The Pagosa Area Water and Sanitation District is poised to begin over $14.5 million in capital projects this year.
Of the $14.5 million, approximately $3 million will be directly paid to local contractors and service providers which, based upon the principle that money circulates throughout a community five to seven times, translates to $15-$21 million for local coffers.
This does not include the money spent locally by the out-of area contractors during construction, nor does it include additional engineering, infrastructure and facility maintenance project expenditures that translate into hundreds of thousands — potentially millions — of dollars more for local businesses.
None of this $14.5 million will be spent on the Dry Gulch reservoir project. The Dry Gulch Project will not see substantial further progress until, according to the PAWSD board’s philosophy, “the project is required by growth.”
The 2010 capital projects follow the district’s long-term 2055 Capital Improvement Plans for water and sewer, which are revisited annually by the Board and staff as priorities and funding opportunities evolve.
The largest expenditure this year will be substantial completion of the Highlands Lagoon Elimination Project which includes a biosolids (sewage treatment by-product) beneficial use component. Funded by the American Reinvestment and Recovery Act (ARRA), this project involves closing and remediating the existing Highlands Lagoon sewage treatment facility and making improvements to the Vista Wastewater Treatment Plant to accommodate increased flows from the Highlands and Hatcher areas. PAWSD anticipates spending approximately $8.2 million on this project in 2010, 30 percent of this directly to local contractors.
According to District Assistant Manager Gene Tautges, “We are excited about the Biosolids component of this project. We are seriously looking at thermal drying and solar greenhouse technologies which are environmentally friendly and which will potentially produce an end product soil amendment that will be available to our customers.”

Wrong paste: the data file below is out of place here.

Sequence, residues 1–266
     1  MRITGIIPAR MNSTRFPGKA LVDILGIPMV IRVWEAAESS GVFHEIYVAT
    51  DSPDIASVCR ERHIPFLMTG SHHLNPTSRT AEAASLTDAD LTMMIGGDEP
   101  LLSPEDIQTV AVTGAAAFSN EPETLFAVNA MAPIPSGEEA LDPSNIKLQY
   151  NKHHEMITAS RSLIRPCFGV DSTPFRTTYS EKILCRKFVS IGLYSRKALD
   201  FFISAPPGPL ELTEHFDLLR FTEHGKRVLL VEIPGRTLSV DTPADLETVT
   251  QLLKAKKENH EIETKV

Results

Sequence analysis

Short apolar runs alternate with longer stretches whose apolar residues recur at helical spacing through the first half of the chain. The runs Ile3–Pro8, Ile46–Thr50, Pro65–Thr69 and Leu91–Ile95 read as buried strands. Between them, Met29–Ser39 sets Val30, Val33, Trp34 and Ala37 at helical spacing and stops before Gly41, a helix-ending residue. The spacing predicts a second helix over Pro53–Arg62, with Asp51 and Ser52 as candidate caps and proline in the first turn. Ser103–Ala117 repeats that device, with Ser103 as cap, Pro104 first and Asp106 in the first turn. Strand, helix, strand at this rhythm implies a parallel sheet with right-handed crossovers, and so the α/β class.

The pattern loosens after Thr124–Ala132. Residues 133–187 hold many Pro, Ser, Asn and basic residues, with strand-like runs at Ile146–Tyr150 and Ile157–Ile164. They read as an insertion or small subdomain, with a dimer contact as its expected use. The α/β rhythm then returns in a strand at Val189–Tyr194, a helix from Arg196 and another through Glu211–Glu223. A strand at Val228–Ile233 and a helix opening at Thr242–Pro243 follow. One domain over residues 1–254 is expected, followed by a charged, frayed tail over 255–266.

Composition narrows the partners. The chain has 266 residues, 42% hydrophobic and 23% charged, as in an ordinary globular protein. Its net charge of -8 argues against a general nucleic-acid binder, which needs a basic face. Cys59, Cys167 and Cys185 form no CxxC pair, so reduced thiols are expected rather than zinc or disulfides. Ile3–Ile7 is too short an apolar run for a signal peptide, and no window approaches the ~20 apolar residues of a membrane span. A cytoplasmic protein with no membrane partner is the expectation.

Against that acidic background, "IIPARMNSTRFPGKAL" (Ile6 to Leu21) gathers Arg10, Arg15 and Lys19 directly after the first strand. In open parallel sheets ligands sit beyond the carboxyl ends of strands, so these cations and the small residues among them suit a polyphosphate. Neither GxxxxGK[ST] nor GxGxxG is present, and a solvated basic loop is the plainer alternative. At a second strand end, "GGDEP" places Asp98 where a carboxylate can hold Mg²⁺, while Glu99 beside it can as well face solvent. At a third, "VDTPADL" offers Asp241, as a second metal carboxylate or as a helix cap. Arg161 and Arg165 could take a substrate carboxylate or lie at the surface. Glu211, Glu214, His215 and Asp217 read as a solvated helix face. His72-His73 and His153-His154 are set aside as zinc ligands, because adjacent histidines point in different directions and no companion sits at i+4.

The second large capital project, with a price tag of approximately $5.4 million, is the upgrade and expansion of the Hatcher Water Treatment Plant. This work involves installing the latest technology water treatment system to meet ever more strict federal and state drinking water regulations. Approximately 5 percent of this will be directly paid to local contractors.
Other capital projects slated for 2010 include replacement of the Snowball Pipeline at the Jackson Mountain Slide area, a project funded by and in cooperation with CDOT, completion of wetlands work at Stevens Reservoir, and installation of an ultraviolet treatment system at the San Juan Water Treatment Plant. These improvements will cost the district approximately $1 million, at least 50 percent of which will go to local contractors and engineers.
At a recent board meeting, Tautges commented, “In the next 30 to 45 days the district will begin $12-13 million in capital projects. This ongoing work is providing and should continue to provide a shot in the arm for the local economy by putting people to work and circulating dollars to local businesses.”